On February 11, 1948, after appellant had been arrested and while in custody, and after the police had recovered and were in possession of all the articles described in the three counts of the amended information, appellant made three separate statements with reference to the comptometer, the Winchester rifle, and the calculating machine, respectively. These statements were taken down serially in writing and were signed by appellant. In the statement with reference to the comptometer, appellant said that he knew at the time he purchased it that it was a stolen article. In the statement with reference to the rifle, he merely identified the gun, saying that he had purchased it from Lefty McKee for $30. In the statement with reference to the calculating machine, he said that he had bought it from Joe Gowers and George Turpin for $25 and later had sold it to a person by the name of Chuck for $40.
     On February 14, 1948, appellant was again questioned by the police with reference to the three counts of the amended information, and separate wire recordings were made of the questions addressed to, and the answers given by, him pertaining to each of the articles alleged to have been stolen. These wire recordings were "played" before the jury, reproducing the questions and answers. In the recording with reference to the comptometer, appellant admitted positively that he knew, at the time he purchased the machine, that it was stolen property. In the recording with reference to the rifle, he declared just as positively that he did not know, at the time he purchased it, that it had been stolen, but thought

 188    STATE v. SALLE.      [34 Wn. (2d)

it was "on the up and up." In the recording with reference to the calculating machine, he stated that at the time he purchased it he had reason to believe that it had been acquired through theft.
     The evidence hereinbefore narrated was supplied in its entirety through witnesses produced by the state. Appellant did not testify, nor did he offer any evidence whatever. The jury found him guilty of the charges respecting the comptometer and the calculating machine, but found him not guilty of the charge with reference to the Winchester rifle.
     The statute under which this action was prosecuted is Rem. Rev. Stat., 2601 [P.P.C. 117-47], which, so far as is material here, reads:
     "Every person who, with intent to deprive or defraud the owner thereof - . . .
     "(5) Every person who, knowing the same to have been so appropriated, shall bring into this state, or buy, sell, receive or aid in concealing or withholding any property wrongfully appropriated, whether within or outside of this state, in such manner as to constitute larceny under the provisions of this act -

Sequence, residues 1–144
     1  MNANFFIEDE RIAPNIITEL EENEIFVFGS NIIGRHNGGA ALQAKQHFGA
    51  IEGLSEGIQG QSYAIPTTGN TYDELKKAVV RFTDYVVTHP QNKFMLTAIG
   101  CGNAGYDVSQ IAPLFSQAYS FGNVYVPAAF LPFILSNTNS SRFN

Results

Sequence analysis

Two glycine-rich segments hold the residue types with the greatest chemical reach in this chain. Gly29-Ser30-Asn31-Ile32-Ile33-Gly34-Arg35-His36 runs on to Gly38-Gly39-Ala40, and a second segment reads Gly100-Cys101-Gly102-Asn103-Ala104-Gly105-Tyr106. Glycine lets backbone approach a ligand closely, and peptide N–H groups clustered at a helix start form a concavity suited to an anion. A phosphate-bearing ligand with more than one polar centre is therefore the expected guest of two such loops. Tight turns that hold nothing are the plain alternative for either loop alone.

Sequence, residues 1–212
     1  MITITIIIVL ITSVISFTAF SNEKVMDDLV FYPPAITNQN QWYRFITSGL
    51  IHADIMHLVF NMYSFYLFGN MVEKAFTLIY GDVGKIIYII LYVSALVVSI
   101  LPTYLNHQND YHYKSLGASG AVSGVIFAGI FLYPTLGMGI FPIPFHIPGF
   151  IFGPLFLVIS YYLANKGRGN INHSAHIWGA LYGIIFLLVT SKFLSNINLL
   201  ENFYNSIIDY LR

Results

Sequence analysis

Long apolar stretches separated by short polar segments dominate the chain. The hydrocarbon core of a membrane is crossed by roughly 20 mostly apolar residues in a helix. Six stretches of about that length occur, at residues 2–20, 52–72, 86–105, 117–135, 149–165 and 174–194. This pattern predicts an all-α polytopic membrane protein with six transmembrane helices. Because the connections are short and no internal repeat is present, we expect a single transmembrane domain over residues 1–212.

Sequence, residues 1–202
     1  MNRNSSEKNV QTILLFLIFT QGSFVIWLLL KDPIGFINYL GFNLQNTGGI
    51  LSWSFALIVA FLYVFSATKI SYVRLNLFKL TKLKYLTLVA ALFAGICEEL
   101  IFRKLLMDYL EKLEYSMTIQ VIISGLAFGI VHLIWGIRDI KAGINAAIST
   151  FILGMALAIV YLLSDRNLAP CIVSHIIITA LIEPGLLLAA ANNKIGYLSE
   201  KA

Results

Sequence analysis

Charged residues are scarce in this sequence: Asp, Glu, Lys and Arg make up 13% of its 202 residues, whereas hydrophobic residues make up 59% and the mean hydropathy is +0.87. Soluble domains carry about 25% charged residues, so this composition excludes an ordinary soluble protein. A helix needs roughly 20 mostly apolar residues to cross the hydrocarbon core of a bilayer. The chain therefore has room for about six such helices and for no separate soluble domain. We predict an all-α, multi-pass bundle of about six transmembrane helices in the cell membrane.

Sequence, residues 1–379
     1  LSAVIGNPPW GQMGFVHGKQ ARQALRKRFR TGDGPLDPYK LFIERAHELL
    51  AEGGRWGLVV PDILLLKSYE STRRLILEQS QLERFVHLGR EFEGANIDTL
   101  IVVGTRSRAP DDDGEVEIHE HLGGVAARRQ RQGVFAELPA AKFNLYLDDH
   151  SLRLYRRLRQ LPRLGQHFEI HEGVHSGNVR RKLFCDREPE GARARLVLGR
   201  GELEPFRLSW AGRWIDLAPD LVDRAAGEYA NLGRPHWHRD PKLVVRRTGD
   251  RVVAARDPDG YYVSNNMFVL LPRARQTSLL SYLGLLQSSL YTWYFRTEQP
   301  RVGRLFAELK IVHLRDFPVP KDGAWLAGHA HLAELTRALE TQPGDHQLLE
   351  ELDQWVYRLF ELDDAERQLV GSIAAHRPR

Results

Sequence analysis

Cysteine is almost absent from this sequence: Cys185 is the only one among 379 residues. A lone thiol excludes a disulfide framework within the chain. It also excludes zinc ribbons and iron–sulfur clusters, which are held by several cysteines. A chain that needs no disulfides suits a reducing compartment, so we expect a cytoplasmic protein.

"Steals such property and shall be guilty of larceny."
     Appellant lists his assignments of error under four headings. The first is `that the trial court erred in denying appellant's motion for a new trial. This assignment of error involves three points, each point being discussed separately.
     Appellant's first alleged point of complaint is that the trial court erroneously, and over appellant's objection, permitted one of the police officers, in his testimony, to relate the conversation which took place between the officer and appellant at the time and place of the latter's arrest. In that conversation, as related by the officer, appellant designated various articles in the house as being "hot" or "not hot"; these articles have been enumerated or referred to above. Appellant's contention is that such testimony constituted evidence of collateral crimes, and he relies upon the general rule that, when a defendant is charged with a particular crime, evidence of a collateral crime is inadmissible.

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[1] That rule, however, has its well-defined and wellrecognized exceptions, as where the element of motive, intent, identity, guilty knowledge, or a systematic scheme or plan is involved in such instances, evidence of similar transactions may, in proper cases, be received to establish a constituent element of the crime charged, even though it may at the same time tend to prove the commission of other criminal offenses.
     In 45 Am. Jur. 406, Receiving Stolen Property, 19, the general rule and the exceptions thereto are stated, as follows:
     "In prosecutions for receiving stolen goods, as in criminal cases generally, the general rule is that evidence of the commission of offenses other than that charged is irrelevant, incompetent, and inadmissible. There are, however, certain well-established exceptions to this rule, recognized in order that all relevant facts and circumstances tending to establish any of the constituent elements of the crime charged may be made to appear. By virtue of such exceptions, evidence of other similar transactions, even though tending to show guilt of other crimes, is admissible in proper cases for the purpose of proving the identity of the accused as the guilty person, the guilty knowledge or intent of the accused requisite to commission of the offense charged, motive, or the existence of a criminal scheme or systematic plan embracing the commission of such offense as well as another or others." See, also, Notes (1936) 105 A.L.R. 1289 et seq.